During Prohibition – which ended on December 5, 1933 – my grandfather’s brother Denis Warren, a veteran of some of the bloodiest American battles of the First World War, was left for dead on the side of Route 9N south of Port Henry on Lake Champlain. He was in the second of two cars of friends returning from Montreal, both “heavily loaded with Canadian ale” according to a newspaper account.
Going through Port Henry, Essex County, local customs agents gave chase and the car he was in hit a rock cut and he was badly injured in the accident. Figuring his was dead, or nearly so, and worried he would go to prison, one of Denis’s best friends rolled him under the guardrail, climbed into the other car, and sped off.
Joe Kennedy, never really enthusiastic about World War One, spent the war as an assistant general-manager of Bethlehem Steel and used the opportunity to buddy up to Franklin D. Roosevelt who was then Assistant Secretary of the Navy.
During Prohibition Kennedy went to England and with the help of FDR’s eldest son James Roosevelt secured the exclusive American rights for Gordon’s Dry Gin and Dewar’s Scotch. Contrary to rumors, Kennedy wasn’t a bootlegger, he imported his British booze legally under a permit to distribute medical alcohol. Kennedy was of course, the father of John F. Kennedy.
The story of these two Irish-Americans serves as a kind of microcosm of the story of Prohibition, when all of America seemed upside down.
“In almost every respect imaginable, Prohibition was a failure,” Daniel Okrent writes in Last Call: The Rise and Fall of Prohibition (Scribner, 2010). “It deprived the government of revenue, stripped the gears of the political system, and imposed profound limitations on individual rights.
It fostered a culture of bribery, blackmail, and official corruption. It also maimed and murdered, its excesses apparent in deaths by poison, by the brutality of ill-trained, improperly supervised enforcement officers, and by unfortunate proximity to mob gun battles.”
The medical exemption to Prohibition, along with the sacramental wine exemption, and the fruit exemption for homemade wine and cider, meant that Prohibition was fairly doomed from the start according to Okrent. In fact it’s a wonder that Prohibition even got started.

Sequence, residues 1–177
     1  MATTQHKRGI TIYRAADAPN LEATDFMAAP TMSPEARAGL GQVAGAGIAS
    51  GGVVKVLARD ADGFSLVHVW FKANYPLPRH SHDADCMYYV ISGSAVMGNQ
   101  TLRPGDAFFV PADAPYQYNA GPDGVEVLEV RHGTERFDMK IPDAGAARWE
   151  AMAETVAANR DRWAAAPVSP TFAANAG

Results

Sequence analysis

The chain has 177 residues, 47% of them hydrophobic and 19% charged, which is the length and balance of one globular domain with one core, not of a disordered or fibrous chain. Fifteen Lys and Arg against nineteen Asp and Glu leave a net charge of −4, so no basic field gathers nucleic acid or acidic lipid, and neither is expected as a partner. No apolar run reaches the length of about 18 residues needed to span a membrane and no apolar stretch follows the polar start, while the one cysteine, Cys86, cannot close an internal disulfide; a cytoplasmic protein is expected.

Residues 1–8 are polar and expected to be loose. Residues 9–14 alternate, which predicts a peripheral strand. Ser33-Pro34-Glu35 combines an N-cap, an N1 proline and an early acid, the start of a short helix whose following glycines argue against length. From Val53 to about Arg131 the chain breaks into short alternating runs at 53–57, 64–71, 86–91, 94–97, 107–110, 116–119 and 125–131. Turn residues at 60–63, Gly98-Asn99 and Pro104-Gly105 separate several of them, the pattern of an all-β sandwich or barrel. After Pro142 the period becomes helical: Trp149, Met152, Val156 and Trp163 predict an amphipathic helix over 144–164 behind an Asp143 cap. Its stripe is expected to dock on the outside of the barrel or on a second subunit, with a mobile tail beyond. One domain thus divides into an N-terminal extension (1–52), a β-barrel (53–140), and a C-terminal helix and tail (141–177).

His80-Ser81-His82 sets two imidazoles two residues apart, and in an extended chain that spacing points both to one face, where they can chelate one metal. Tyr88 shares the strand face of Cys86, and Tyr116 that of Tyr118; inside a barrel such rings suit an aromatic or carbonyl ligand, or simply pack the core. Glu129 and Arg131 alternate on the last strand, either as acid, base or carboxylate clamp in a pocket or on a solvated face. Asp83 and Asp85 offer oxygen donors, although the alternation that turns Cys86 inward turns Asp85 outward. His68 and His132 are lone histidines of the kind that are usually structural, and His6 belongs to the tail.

In the late nineteenth century drinking was at an all time high, a central part of American life. But immigration was also at an all time high, along with the Protestant Christian reformers, xenophobia, and racism. An unlikely alliance emerged to battle “Demon Rum” that included racists (including the Klan), progressives, suffragists, and populists.
Okrent lays out the story of this coalition in a readable way, avoiding much of the political minutiae, while still illuminating the personalities – people like Mother Thompson, Frances Willard, axe-wielding Carry Nation, bible-thumping Billy Sunday, William Jennings Bryan (who helped bring the Democratic Party on board), Wayne Wheeler (the long-forgotten man considered the father of Prohibition), and Mabel Willebrandt (the Assistant US Attorney General despised by the nation’s drinkers).
The usual suspects are all here: the rise of organized crime from scattered minor street gangs, the rum runners contributions to boat design, the rise of Sam Bronfman’s Seagrams empire.
The most interesting parts of the book however, detail how leading suffragists sought the vote after being denied leadership positions in the temperance movement and then used that vote to secure first the income tax (considered crucial to weaning the government off the alcohol excise tax teat) and finally Prohibition.
Okrent also clearly presents the brewers’ failure to band together with the distillers, and their lack of action against the Prohibitionist until it was too late. Mostly German-Americans, World War One sealed their fates.
Also illuminating is Okrent’s telling of how the Eighteenth Amendment, which along with the Thirteenth Amendment outlawing slavery is the only constitutional amendment to deal with personal property, came to be the only one ever reversed.
Last Call chalks it up to a few primary factors. The ease of access to booze which was no longer regulated, and so could be found everywhere, not just at bars (the old joke went “Remember before Prohibition? When you couldn’t get a drink on Sunday?”); the presidential campaign of solidly wet New York Governor Al Smith (defeated by mostly dry anti-Catholics) that changed the political mood of the country’s immigrants [video]; and the Great Depression, and the need for the billions in excise tax (which helped fund the New Deal) that gave Repeal a push.
But the biggest factor was perhaps the right-wing wealthy anti-tax (and future anti-Roosevelt) Pierre S. DuPont who believed so profoundly that Repeal would mean an elimination of the income tax that he bankrolled the fight himself.
Fundamentally though, it was the Democratic title-wave that swept FDR into office [music] that changed the make-up of the Congress that allowed the crucial Repeal vote.
Okrent avoids the obvious comparisons to our modern War on Drugs, but even the causal reader, can’t miss them. The seemingly limitless supply, the institutionalized hypocrisy of legal tobacco and alcohol while pot smokers (at least in some states) still go to overcrowded prisons.
The overzealous and expensive enforcement on the one hand (particularly in the inner cities), alongside open marijuana sales in some states that amounts to a de-facto local option.
It took about 10 years to understand that Prohibition only increased lawlessness, corruption, greed, and violence. Last Call leaves the astute reader wondering how long it will take us to come to the same conclusion about the War on Drugs.
You can read more stories about Prohibition here.
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A version of this article was first published at the New York Almanack in 2010.